The funny thing about white chocolate or regular chocolate as far as cookie batter ingredient choices are concerned is that ultimately, it is subjective. In a way, it’s kind of like asking for directions by using the phrase, “the best.” How many times have you asked your friends, how do I find the best computer or how do I find the best restaurant in this area?
Well, the problem with the best is that what’s “the best” for somebody” might not be all that good to you. In fact, it might turn out to be quite horrible and the reverse is also true. The things that you’re really excited and passionate about may not really be all that exciting or noteworthy to other people. This is due to the fact that we’re all entitled to our own preferences. We all come from different backgrounds, we all have different experiences, and this impacts our preferences. This impacts what we define as good or quality.
The key point here is that you have to factor in a tremendous amount of subjectivity when it comes to concepts like the best or personal preferences. I bring this up because the idea of having to choose between white chocolate or regular chocolate really all boils down to personal call. And it all depends on what your experiences are.
If you tend to bake for other people, then look at what your friends and family members tend to prefer. Do they, on the whole, like white chocolate more than regular dark chocolate, or the other way around? You have to then zero in on the consensus and drill down.
Drilling down when it comes to chocolate
Did you know that white chocolate and regular chocolate have many different varieties? Regular chocolate, for example, has chunky chocolate, chocolate mixed with peanut butter, and very dark chocolate. Again, it all boils down to taste and preference.
If you’re pretty much the only person eating the batches of cookies that you produce on your cookie pans, then you would not have a problem with this. You would know quickly what your preferences are and you can then bake batch after batch of cookies that hit that preference like a laser. There’s a tremendous amount of precision in that particular scenario.
Unfortunately, if you’re baking for a wide range of people with different tastes, you’re basically going to be stuck playing for the consensus. You’re going to be baking for the average preference of these people. This is very important to note because it’s too easy to go to extremes. It’s too easy to just basically bake based on the preferences of the person who praised you the most. This is human nature.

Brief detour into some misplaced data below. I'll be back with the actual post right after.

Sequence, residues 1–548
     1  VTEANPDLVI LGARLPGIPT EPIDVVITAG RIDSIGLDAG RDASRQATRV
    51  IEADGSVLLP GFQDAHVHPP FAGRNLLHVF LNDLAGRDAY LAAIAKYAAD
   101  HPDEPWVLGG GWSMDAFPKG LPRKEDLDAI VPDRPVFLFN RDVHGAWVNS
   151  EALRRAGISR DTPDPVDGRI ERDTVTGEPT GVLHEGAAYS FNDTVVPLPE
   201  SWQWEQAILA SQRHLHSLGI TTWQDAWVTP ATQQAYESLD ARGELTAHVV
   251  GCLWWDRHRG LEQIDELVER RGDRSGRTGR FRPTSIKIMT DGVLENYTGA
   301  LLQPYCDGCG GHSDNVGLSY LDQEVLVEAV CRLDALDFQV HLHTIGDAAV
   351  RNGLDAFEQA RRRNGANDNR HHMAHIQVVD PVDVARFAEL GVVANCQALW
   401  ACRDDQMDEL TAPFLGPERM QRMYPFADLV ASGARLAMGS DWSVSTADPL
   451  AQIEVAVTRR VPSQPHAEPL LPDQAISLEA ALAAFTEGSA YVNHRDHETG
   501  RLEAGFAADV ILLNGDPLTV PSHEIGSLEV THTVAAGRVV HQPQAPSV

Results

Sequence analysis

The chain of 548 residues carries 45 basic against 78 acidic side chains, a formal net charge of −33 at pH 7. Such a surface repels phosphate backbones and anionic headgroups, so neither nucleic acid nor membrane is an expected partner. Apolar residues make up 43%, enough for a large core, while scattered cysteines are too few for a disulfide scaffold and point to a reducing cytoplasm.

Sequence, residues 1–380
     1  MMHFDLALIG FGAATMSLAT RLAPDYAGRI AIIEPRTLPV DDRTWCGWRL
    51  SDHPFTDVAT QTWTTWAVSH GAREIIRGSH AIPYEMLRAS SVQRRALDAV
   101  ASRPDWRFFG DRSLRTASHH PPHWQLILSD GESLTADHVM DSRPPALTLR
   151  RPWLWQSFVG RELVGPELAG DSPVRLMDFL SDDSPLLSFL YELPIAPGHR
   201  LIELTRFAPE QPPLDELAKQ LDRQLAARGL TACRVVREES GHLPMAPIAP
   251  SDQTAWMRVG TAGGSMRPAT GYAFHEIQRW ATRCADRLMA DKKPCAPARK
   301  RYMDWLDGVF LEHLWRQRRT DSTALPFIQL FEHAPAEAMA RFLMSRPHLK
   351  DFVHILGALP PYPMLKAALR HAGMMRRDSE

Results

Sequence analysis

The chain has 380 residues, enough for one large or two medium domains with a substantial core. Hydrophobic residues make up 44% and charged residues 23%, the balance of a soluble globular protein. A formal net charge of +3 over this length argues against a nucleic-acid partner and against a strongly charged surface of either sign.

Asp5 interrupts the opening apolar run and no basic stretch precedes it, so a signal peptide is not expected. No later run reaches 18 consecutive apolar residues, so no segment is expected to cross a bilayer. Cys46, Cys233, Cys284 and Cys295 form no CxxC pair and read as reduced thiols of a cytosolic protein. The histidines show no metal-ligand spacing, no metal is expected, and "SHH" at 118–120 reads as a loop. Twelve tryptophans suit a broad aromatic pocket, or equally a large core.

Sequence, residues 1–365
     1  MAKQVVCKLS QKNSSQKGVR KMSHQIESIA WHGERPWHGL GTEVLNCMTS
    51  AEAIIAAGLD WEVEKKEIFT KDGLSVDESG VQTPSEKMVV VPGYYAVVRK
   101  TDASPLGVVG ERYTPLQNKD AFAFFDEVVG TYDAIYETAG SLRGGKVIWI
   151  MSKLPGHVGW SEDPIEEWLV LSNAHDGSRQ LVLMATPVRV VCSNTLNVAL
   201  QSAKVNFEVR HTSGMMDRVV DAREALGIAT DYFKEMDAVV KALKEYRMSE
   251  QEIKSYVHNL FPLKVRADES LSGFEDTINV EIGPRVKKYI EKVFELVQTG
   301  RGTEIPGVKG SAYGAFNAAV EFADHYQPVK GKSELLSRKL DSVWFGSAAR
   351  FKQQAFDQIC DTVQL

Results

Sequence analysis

Of course, we tend to listen to people who tell us were doing a good job. We also try to ignore people who criticize us or who tell us our shortcomings. But you have to overcome this bias if you want to get better at baking. You have to take it all in. You have to learn from not so positive feedback so you can do a better job in hitting the consensus opinion, as far as the kind of white chocolate or regular chocolate that you should use in your cookies.
Make no mistake about it, they do significantly impact the taste of the cookies. This is unavoidable so this is a big choice. This is why you have to be systematic and methodical in figuring out this information.
Don’t forget melting point
Depending on the brand of white chocolate or dark chocolate you buy, you might be in for some extra texture goodness. You really are. Seriously. How come? Some white chocolate take a long time to melt. Others melt quite quickly. The same goes with dark chocolate. What gives? Very simple. Different chocolate chip formulations (regardless of color) have different levels of cocoa butter. Cocoa butter is the component in chocolate that determines its melting point.
So which melting point is best? The answer to this is totally dependent on your taste. If you want goopy cookies, look to add chocolate chips into your cookie recipe which are easy to melt. If you want some rather firm texture or well-textured cookies, you should look to include regular texture or fast setting chips. These chips don’t need refrigeration to retain their solid form. Be on the lookout for these differences because these have a big impact on both the taste and texture of the chocolate chip cookies you’re baking.
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